Cyber Security Today, Feb. 2, 2022 – Critical firmware bugs found in products from major IT manufacturers

Critical firmware bugs found in products from major IT manufacturers, another WordPress plugin vulnerability found, and this is Identity Theft Awareness Week.

Welcome to Cyber Security Today. It’s Wednesday, February 2nd, 2022. I’m Howard Solomon, contributing reporter on cybersecurity for

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Administrators with hardware and software from some of the world’s biggest IT firms including Microsoft, Fujitsu, Siemens, Dell, HP, HPE, Lenovo, Intel, AMD and Bull Atos are being warned to watch for and install the latest security patches or mitigations. This comes after the discovery of 23 high-impact vulnerabilities in firmware from IT manufactures that used a software development kit from a company called Insyde. It makes the BIOS firmware used by many IT manufacturers. The vulnerabilities could allow an attacker to install malware that bypasses device security solutions. Insyde issued patches on Tuesday. It isn’t known how many computers, servers and routers could be vulnerable.

WordPress administrators who use the Essential Addons for Elemenator plugin on their sites are being urged to install the latest version. This follows the discovery of a critical vulnerability that allows any user to add unapproved files to the website. These files could, for example, steal customer data. The plugin is popular, having been downloaded 1 million times. The version that needs to be installed is 5.0.5, which was released last Friday.

The U.S. Federal Trade Commission has declared this Identity Theft Awareness Week. There are two things to tell you about: Public and private sector organizations have a responsibility to make sure the personal data they hold on employees, customers and partners aren’t stolen. That means having a tough cybersecurity policy to reduce the risk of hacks, limiting access to sensitive information to only those who need it and protecting sensitive information with encryption and de-identifcation technologies. For their part individuals have a responsibility to do everything they can to make sure their identities can’t be stolen. That means making it hard for hackers to guess passwords. That includes not re-using the same password for all the websites you use; not using the default passwords on your Wi-Fi router or internet TV; making sure Windows, Android, iOS and other operating systems on your devices have the latest security patches. Above all, make sure all your online accounts are set up for two-factor authentication to boost protection of logins. Find more information at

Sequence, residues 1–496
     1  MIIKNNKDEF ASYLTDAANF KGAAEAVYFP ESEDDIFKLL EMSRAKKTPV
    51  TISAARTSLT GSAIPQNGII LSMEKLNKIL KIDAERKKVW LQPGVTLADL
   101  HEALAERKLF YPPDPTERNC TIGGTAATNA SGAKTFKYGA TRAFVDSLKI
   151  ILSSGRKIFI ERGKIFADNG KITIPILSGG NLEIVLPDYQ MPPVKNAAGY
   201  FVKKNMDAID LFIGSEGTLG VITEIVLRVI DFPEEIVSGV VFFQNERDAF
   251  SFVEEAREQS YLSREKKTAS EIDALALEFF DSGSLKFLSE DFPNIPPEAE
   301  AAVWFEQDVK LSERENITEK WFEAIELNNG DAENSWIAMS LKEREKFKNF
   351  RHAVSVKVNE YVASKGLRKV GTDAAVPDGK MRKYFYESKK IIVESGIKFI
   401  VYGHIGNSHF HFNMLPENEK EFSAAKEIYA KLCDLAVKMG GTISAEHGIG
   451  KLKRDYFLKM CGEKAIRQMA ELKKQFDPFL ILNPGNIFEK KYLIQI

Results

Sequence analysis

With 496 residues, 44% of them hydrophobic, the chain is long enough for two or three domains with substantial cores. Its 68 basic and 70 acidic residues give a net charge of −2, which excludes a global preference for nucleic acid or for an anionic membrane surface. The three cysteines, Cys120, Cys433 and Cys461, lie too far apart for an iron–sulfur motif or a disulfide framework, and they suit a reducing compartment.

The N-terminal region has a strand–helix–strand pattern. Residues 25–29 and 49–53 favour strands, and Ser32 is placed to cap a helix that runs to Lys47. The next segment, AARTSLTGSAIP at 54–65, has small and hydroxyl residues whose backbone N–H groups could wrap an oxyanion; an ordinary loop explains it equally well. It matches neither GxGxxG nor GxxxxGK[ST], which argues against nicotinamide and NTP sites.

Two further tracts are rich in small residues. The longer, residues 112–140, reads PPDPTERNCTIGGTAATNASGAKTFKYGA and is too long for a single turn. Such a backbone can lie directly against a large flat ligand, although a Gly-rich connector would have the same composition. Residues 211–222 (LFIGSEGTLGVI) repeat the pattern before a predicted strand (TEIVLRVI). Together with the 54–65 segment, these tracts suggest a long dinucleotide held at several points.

Threat actors continue trying to leverage the log4j vulnerability, which was discovered and patched a month ago. The latest report comes from researchers at Morphisec who say hackers are going after the Unifi Network management software that comes with gateways and network appliances made by Ubiquiti. This vulnerability was fixed in Unifi versions 6.5.54 and later. But according to Morphisec, the bug was successfully exploited in an unnamed organization on January 20th. This is another example of why IT departments have to know everything that’s on their network and install security patches on them as soon as possible.

Finally, here’s another of those oopsy reports. Someone didn’t protect data on hundreds of thousands of students from around the world collected by a group that promotes the United Kingdom and English called the British Council. The data was held in a Microsoft Azure blob repository. The information included names, email addresses, student ID numbers and their status. But security researcher Bob Diachenko — known for roaming the internet looking for unprotected databases — and staff at the cybersecurity company MacKeeper found the collection of files in December using a public search engine. If they could find it so could a threat actor. The database has now been locked down.

That’s it for now Remember links to details about podcast stories are in the text version at That’s where you’ll also find other stories of mine.

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Jim Love, Chief Content Officer, IT World Canada
Howard Solomon
Howard Solomon
Currently a freelance writer. Former editor of and Computing Canada. An IT journalist since 1997, Howard has written for several of ITWC's sister publications, including Before arriving at ITWC he served as a staff reporter at the Calgary Herald and the Brampton (Ont.) Daily Times.

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